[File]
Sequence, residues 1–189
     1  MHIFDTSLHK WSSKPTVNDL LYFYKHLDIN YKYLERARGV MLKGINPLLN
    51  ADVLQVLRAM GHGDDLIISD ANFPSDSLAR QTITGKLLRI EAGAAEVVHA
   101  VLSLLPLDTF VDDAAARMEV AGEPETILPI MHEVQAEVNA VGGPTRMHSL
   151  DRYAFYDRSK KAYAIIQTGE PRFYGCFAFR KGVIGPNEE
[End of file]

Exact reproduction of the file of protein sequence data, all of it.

Sequence, residues 1–189
     1  MHIFDTSLHK WSSKPTVNDL LYFYKHLDIN YKYLERARGV MLKGINPLLN
    51  ADVLQVLRAM GHGDDLIISD ANFPSDSLAR QTITGKLLRI EAGAAEVVHA
   101  VLSLLPLDTF VDDAAARMEV AGEPETILPI MHEVQAEVNA VGGPTRMHSL
   151  DRYAFYDRSK KAYAIIQTGE PRFYGCFAFR KGVIGPNEE